Meet The Paralympic Sportsman Who Broke P.T. Usha’s Records

Sharath Gayakwad was born with a deformed hand. He took up swimming as a mandatory activity in school and developed a passion for this sport. Today he has over 90 medals in his kitty and has become the first Indian to win six medals in a multi-disciplinary sport event. Meet the amazingly inspiring sports personality and hear his views on disability.

What started as a compulsory activity in school changed Sharath Gayakwad’s life and he became the first Indian to win six medals in a multi-disciplinary sport event at the Asian Para-games in Incheon, South Korea, 2014. He broke the record of legendary P.T. Usha who had won five medals at the 1986 Asian Games.

Sharath Gayakwad won four golds in his first nationals.

Sharath Gayakwad won four golds in his first nationals. Picture Source: MikeLynch / Wikipedia

In spite of being born with a deformed left hand, Gayakwad was always interested in sports and took up swimming at the age of nine when it was made mandatory in his school as a life-saving skill.

“I enjoyed football and cricket, but then swimming became a compulsory activity in my school. I was a little reluctant to opt for it and even my family was hesitant in letting me take up this activity as they weren’t sure whether I’d be able to pull it off. But gradually, after much practice and support from the coach, I not only learnt to swim but also started enjoying it and thought of taking it more seriously,” Gayakwad says.

The start of a victory path

After school, Gayakwad continued to pursue swimming as a fitness activity and participated in his first national level competition where he won four gold medals.It was amazing. I did not expect such a huge success and it gave a boost to my confidence. I became surer of taking up swimming as a career,” he says.

Though his family wanted him to go for higher studies and get a more academic-based career, he persuaded them to allow him to follow his passion, and eventually they did. After that, Gayakwad just went from strength to strength, as he was selected for 2003 FESPIC Youth Games in Hong Kong where he won one Silver and four Bronze medals.

Gayakwad coaches many students to become successful swimmers.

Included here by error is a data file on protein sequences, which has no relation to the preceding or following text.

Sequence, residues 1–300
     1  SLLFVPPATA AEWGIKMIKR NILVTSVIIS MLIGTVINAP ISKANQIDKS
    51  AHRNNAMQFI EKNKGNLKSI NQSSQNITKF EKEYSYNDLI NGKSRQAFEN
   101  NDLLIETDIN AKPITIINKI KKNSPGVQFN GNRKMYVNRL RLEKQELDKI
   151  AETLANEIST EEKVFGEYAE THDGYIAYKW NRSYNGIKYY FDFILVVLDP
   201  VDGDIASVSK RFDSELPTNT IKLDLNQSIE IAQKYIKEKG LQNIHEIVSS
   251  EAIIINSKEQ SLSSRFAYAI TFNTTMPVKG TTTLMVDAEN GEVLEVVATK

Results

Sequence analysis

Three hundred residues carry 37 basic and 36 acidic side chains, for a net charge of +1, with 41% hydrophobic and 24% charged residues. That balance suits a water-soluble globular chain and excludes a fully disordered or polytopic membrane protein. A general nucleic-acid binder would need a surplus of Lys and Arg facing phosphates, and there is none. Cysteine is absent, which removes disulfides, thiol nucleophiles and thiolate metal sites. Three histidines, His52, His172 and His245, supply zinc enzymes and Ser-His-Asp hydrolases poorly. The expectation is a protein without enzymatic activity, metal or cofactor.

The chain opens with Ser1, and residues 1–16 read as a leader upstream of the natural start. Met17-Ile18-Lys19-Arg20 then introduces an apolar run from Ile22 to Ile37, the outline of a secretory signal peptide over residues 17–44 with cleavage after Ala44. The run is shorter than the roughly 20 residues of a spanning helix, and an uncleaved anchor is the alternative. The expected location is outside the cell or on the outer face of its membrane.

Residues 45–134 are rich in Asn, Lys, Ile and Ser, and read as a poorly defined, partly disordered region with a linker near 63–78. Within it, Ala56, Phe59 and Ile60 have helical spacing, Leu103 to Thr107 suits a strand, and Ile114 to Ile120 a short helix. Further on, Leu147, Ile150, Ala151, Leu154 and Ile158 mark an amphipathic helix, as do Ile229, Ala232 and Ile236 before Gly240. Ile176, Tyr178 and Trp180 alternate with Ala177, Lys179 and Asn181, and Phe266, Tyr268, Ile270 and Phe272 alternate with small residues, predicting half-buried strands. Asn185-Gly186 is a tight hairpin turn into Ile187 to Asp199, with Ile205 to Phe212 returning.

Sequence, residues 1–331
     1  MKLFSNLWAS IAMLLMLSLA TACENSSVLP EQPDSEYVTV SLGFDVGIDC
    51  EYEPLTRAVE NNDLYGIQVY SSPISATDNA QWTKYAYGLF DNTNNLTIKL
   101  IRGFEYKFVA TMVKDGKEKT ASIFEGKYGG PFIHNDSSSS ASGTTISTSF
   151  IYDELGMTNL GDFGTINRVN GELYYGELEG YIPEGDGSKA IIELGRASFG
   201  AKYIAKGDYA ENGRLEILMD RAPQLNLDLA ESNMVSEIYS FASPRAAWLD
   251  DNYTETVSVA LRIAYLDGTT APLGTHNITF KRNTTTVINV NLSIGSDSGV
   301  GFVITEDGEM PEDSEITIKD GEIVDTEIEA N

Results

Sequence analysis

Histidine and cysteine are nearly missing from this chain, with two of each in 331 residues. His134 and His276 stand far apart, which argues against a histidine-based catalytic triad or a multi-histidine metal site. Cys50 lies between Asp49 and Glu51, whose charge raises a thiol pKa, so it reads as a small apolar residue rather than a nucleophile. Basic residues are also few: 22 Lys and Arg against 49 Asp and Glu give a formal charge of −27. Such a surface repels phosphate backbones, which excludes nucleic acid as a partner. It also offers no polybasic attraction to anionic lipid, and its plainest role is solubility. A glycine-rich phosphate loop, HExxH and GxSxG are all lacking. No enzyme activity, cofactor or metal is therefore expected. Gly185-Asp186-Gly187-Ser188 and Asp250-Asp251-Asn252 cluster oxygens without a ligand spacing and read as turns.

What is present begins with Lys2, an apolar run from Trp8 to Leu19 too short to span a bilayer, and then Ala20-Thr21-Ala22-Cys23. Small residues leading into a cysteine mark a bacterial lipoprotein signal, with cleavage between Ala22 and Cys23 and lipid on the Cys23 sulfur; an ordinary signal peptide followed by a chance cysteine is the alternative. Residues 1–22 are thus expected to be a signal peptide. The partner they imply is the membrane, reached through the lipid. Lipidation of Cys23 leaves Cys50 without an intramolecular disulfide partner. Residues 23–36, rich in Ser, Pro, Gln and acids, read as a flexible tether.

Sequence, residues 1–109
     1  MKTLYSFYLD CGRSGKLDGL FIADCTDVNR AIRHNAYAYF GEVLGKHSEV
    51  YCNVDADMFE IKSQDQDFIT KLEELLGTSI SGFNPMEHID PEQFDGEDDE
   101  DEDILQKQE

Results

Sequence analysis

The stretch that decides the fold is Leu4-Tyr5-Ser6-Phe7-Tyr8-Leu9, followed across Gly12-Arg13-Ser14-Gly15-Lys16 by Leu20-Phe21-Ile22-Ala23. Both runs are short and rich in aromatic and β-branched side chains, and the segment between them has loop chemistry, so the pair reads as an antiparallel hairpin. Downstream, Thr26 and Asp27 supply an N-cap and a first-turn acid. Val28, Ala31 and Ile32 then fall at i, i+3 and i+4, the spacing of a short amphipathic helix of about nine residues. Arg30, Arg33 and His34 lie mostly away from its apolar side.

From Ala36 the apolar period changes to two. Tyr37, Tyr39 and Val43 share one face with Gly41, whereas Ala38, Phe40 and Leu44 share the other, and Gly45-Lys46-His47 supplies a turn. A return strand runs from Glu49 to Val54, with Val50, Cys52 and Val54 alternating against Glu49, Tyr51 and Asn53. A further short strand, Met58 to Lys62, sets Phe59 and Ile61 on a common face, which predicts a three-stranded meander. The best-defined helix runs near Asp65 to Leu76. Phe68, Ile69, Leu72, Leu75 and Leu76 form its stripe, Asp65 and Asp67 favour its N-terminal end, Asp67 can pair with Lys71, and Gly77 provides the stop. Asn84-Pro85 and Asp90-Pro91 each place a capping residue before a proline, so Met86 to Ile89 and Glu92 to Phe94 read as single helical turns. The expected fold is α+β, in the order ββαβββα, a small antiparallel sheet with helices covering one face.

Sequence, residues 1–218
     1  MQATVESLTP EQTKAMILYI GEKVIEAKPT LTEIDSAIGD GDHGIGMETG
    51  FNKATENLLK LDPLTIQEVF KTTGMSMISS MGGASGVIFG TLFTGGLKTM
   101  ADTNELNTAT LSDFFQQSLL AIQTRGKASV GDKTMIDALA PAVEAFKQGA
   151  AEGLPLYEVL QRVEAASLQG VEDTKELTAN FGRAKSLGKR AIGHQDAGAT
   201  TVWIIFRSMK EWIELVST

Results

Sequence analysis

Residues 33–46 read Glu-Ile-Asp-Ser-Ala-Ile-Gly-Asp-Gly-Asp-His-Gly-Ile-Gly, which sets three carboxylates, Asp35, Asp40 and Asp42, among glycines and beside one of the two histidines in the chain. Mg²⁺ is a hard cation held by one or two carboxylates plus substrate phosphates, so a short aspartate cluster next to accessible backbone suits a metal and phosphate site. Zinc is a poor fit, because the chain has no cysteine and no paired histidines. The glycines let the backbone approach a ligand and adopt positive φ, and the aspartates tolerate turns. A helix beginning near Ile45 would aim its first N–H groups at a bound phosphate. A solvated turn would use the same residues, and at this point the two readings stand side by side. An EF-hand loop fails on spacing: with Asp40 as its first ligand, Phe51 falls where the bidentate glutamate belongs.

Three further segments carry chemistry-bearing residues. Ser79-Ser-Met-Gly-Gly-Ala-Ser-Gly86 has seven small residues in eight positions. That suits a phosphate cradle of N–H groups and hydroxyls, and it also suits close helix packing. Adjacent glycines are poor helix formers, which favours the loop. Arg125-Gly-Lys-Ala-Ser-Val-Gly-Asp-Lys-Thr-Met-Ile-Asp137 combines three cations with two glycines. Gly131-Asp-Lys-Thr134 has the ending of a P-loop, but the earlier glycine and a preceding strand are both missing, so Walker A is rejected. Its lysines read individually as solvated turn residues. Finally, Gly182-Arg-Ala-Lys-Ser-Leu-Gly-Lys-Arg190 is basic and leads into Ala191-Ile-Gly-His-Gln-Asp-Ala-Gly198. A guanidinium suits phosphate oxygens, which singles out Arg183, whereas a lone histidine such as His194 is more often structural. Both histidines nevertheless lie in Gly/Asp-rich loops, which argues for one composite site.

Gayakwad coaches many students to become successful swimmers.

Gayakwad’s passion for the sport and dedication has won him over 39 international medals and 55 national medals so far.

Overcoming the challenges

“How many people have a talent that can save someone’s life? Which sport enables you to help others? It is swimming. It is not just a sport activity but a life-saving skill and that is why I am so fond of it,” he says.

The disability is something which he doesn’t think about much now. “It is a part of me and I have accepted it and even found a way where it doesn’t matter anymore,” he says. Having faced challenges initially in doing things as basic as putting on clothes, there is nothing that Gayakwad cannot do now.

“Yes of course I am at a disadvantage, but it doesn’t stop me from doing anything that I actually want to do,” he says.

Apart from the obvious difficulties, another challenge which Gayakwad faced was financial constraints. Arranging funds for the training, resources, etc. was something Gayakwad had to struggle with. “I guess, this is the case with most para-athletes and not just me. There should be better facilities available,” he says.

A deformed left hand did not stop him from breaking some of the highest records.

A deformed left hand did not stop him from breaking some of the highest records.

The future

A champion swimmer, Gayakwad is also an amazing coach and trains many students in swimming. An athlete or a coach, which part does he enjoy the most? “Coach!” he responds instantly. “It gives an immense pleasure that I can pass on this skill to someone else. Of course I enjoy swimming too, but there is a different kind of satisfaction which comes with coaching,” he says.

Gayakwad wants to continue coaching and train more students in the future. On being asked whether he wants to open his own academy, he says a clear “no”. He wants to stick to a limited number of students so that he can pay close attention to their needs and progress.

I guess it is very important to identify your strength and work on it. Never think you cannot do something, it just might take a little longer than others ,” he concludes.

We congratulate Gayakwad on his achievements. Indeed a charming personality, Gayakwad has inspired many people at such young age and we hope for a great performance from him at the next Paralympics.

Stay tuned as we will be bringing to you more such incredible personalities we had a chance to meet at the India Inclusion Summit 2014.

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